The U.S. Senate on Thursday night overwhelmingly approved a $16.3 billion measure to overhaul the much-troubled Veterans Affairs department. The House of Representative passed the same legislation on Wednesday, and the measure now awaits President Obama’s signature.
The bill’s authors, House Veterans Affairs Committee Chairman Jeff Miller, R-Fla., and Senate Veterans Affairs Committee Chairman Bernie Sanders, I-Vt., announced the joint conference committee legislation on Monday after weeks of negotiations. They scrambled to get both the House and Senate on board before Congress heads into a five-week break on Friday.
The measure -- which passed 91-2 in the Senate and 420-5 in the House -- seeks to remedy the funding and staffing shortages that have led to massively inadequate health care services in some places as a surge of U.S. veterans from Iraq and Afghanistan come home. A recent audit by the VA found that about 46,000 veterans have had to wait at least three months for initial appointments, while another 7,000 veterans who sought to schedule appointments in the last decade never could. In the most notable VA scandal, at least 40 veterans in Phoenix died waiting for appointments at the local VA health care system, CNN learned in April.
“This bill keeps our commitment to the men and women who put their lives on the line to defend our country,” Sanders said in a statement on Thursday. “It makes certain that we address the immediate crisis of veterans being forced onto long waiting lists for health care. It strengthens the VA so that it will be able to hire the doctors, nurses and medical personnel it needs so we can permanently put an end to the long waiting lists.”
Sanders said the bill also addresses the “very serious problem of accountability and makes certain that dishonest and incompetent senior officials do not remain employed at the VA.” In the case of Phoenix, a secret waiting list was crafted to hide the fact that up to 1,600 sick veterans were forced to wait months to see a doctor. Internal emails obtained by CNN revealed that top management in Arizona knew about the cover up and even defended it.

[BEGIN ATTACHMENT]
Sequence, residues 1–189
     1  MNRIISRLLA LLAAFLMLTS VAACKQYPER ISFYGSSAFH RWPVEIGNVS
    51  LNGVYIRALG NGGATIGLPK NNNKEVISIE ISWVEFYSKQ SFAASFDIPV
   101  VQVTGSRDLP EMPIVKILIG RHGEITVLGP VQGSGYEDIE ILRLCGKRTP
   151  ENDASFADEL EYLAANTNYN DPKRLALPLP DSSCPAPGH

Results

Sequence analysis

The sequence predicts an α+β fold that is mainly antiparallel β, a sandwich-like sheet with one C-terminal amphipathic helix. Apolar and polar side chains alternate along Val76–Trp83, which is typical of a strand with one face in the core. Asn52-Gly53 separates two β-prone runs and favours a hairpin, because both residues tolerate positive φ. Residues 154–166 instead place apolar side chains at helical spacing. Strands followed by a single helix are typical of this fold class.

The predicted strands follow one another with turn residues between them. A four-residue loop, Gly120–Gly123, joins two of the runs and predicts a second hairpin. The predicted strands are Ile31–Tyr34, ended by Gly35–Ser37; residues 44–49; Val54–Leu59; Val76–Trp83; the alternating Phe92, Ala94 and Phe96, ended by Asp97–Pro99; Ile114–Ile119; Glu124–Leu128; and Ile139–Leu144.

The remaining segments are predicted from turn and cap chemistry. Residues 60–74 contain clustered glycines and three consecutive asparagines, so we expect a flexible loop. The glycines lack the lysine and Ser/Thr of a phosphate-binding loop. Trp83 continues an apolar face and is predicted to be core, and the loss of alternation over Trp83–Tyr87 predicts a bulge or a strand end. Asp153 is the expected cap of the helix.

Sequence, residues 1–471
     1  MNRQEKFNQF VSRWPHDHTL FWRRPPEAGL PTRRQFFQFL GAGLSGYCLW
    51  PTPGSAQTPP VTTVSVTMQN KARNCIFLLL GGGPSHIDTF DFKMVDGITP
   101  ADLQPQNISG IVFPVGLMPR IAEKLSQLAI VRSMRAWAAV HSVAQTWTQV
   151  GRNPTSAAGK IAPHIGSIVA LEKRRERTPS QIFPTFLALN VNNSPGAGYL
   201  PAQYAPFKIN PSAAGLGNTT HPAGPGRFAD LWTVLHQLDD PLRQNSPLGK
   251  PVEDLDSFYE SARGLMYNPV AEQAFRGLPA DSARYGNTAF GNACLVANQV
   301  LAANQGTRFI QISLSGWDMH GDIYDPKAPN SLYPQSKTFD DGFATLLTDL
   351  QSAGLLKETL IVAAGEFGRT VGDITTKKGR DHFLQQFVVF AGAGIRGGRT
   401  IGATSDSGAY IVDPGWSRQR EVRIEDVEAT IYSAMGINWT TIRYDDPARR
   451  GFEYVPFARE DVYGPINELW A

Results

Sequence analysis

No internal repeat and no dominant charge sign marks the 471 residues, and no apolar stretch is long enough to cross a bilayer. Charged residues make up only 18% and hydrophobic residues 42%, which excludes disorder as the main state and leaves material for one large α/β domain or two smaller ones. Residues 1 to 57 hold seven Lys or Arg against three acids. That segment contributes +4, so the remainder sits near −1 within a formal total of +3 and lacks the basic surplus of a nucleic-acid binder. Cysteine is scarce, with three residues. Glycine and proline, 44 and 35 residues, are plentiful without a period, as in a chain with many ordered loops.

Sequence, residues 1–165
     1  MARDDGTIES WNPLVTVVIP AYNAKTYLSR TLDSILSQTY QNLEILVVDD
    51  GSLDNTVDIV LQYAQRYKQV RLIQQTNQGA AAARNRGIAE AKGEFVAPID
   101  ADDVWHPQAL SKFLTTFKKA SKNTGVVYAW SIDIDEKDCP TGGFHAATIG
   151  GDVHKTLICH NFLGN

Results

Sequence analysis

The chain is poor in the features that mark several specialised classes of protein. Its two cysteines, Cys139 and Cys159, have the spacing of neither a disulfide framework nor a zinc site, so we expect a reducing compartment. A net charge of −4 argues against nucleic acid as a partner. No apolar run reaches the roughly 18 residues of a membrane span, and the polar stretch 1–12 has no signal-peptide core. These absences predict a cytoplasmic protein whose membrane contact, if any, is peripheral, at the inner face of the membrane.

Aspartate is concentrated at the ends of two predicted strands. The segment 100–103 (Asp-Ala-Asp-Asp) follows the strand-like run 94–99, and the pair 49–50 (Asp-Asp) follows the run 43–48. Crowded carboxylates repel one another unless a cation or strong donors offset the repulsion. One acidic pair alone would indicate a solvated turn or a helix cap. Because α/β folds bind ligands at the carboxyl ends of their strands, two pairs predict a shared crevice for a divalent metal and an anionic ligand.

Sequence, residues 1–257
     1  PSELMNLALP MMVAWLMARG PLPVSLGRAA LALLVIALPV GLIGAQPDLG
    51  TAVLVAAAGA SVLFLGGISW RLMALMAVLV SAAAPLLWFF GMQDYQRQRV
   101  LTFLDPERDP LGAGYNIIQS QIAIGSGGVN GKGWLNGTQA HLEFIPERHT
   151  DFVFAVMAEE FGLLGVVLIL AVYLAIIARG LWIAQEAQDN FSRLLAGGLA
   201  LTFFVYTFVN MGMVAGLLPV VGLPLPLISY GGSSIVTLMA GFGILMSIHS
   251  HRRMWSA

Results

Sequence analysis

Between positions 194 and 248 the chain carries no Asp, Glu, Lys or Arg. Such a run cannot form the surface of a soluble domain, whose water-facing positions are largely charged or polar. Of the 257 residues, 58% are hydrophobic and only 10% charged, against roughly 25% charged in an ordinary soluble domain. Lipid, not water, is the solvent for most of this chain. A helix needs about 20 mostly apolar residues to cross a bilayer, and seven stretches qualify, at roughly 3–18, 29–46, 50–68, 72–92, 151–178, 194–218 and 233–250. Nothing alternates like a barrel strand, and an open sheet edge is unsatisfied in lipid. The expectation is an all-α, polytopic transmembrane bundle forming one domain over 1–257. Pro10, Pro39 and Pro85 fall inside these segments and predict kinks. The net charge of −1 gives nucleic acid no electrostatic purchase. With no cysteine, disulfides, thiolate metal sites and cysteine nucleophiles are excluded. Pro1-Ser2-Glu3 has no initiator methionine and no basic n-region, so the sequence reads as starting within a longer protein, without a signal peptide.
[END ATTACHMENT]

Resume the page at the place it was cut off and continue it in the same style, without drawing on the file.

If signed by Obama, the Veterans Affair measure would provide:
· $10 billion in emergency provisions to help veterans who cannot get an appointment at a VA clinic within 30 days, or who live more than 40 miles away from one, to see private doctors or visit community health centers or other government-run health facilities.
· $5 billion for the VA to recruit more doctors, nurses and other medical providers.
· $1.3 billion to lease 27 new clinics in 18 states and Puerto Rico.
Acting VA Secretary Sloan Gibson had asked for slightly more money -- $17.6 billion – to reform the department over the next three years, the Los Angeles Times noted. The House and Senate had approved separate versions of a VA reform bill in early June, but the chambers failed to reach an agreement over the costs. The House sought $44 billion, while the Senate authorized $35 billion.
The compromise is good news for former Proctor & Gamble CEO and vet Robert McDonald, who President Obama nominated in June to overhaul the VA after former Secretary Eric Shinseki’s resignation. McDonald was unanimously approved by the Senate on Tuesday.